Thursday, February 7, 2008

No. 358: Singles Going Steady

Band: The Buzzcocks
Album: Singles Going Steady
Why Rolling Stone gets it right: In the pantheon of early punk rock pioneers, Manchester's Buzzcocks certainly belong in the conversation. This 1979 compilation of the band's early singles is a furious tear through sexual lyrics, awesome hooks and a sneering vocal performance.
Why Rolling Stone gets it wrong: Punk rock is often simple and this compilation is no different.
Best song: "Orgasm Addict" is clever and "Love You More," is interesting, but "Ever Fall in Love?" is brilliant.
Worst song: "Oh Shit!" is dumb.
Is it awesome?: Sure.

I'm a pretentious fuck.

I imagine anyone reading this knows that I'm a pretentious fuck. I often shoot down some pretty accessible stuff, I despise the "California sound" of the 1970s (save for Linda Ronstadt and that's only because I have a crush on her) and the albums I choose for "Unlisted" are of the indie rock genre (for the most part).

I've tried to lay this out in my biases and it shows up in a lot of my pieces for this site. So, you know, sorry.

For today, it would be incredibly stupid to say that I don't like "Singles Going Steady." The Buzzcocks are a seminal punk band and the band's love of hooks is one of the key pieces of the formulation of the genre. The band used awesome melodies in songs like "Ever Fall in Love?" -- probably the band's best song -- and quirky sexual/political lyrics ("Orgasm Addict," "Just Lust," "Love You More," etc.) are amazing. Hell, even the blissed out excitement of "Everybody's Happy Nowadays" is great.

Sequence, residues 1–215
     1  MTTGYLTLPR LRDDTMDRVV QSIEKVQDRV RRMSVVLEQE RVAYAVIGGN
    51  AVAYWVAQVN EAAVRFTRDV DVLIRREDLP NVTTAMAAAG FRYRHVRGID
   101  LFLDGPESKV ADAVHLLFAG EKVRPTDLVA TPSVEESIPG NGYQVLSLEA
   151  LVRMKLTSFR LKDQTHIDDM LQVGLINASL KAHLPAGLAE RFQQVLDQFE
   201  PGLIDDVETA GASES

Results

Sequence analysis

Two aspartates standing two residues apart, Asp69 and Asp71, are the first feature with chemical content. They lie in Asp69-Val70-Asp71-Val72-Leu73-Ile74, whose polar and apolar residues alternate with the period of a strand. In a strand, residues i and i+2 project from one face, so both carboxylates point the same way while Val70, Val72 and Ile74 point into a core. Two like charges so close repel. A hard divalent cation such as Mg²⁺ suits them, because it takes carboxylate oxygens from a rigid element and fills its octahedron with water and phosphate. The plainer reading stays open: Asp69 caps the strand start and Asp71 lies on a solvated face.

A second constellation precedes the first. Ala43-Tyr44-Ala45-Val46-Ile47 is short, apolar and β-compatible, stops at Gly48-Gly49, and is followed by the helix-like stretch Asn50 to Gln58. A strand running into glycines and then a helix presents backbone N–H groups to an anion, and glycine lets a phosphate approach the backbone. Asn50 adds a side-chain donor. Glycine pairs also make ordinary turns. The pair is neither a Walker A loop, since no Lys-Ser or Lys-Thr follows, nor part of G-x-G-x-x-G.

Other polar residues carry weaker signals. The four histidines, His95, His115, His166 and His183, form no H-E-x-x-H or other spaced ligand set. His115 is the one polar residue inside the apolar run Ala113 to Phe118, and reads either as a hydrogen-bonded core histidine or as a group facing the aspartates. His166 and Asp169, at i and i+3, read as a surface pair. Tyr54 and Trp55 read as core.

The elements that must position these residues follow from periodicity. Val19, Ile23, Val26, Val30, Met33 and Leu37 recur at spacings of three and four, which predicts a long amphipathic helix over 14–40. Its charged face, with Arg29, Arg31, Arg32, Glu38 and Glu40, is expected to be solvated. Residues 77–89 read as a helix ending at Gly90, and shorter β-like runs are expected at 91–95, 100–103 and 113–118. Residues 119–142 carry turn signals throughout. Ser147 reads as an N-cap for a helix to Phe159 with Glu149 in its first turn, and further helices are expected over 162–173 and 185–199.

But, my big complaint with a lot of punk rock remains, as well. A song like "Oh Shit!" is based on easy (facile, I'd say) repetition and the shock of bad words. Well, hooray. That's real mature.

Again, this just speaks to me inability to really embrace punk rock's earliest purveyors. I love the Clash, but the other late '70s/early '80s punk rock never really resonated with me much. I prefer the stuff they influenced (grunge and hardcore, basically) than the originals.

1 comment:

padraig said...

yeah, singles going steady is pretty undeniable. i'm not going to argue against the simplicity of punk rock - it was after all basically a return to the three minute pop song and musically quite boring and conservative - but do think it's important to place it context, namely as a reaction to the excesses of prog rock. initially bands didn't just play three-chord tunes cause it was the style - it was a deliberate statement.

I look at it like this - a lot the 75-78 or so punk rock is pretty boring but the attitude was way more important than the actual music. I'd argue that aside from the obvious stuff you mentioned (grunge, hardcore, indie rock) that punk attitude and do-it-yourself ethos influenced a ton of stuff - from early industrial (cabaret voltaire, throbbing gristle, etc.) to the detroit techno pioneers to the rave culture of the late 80s/early 90s to indie hip hop.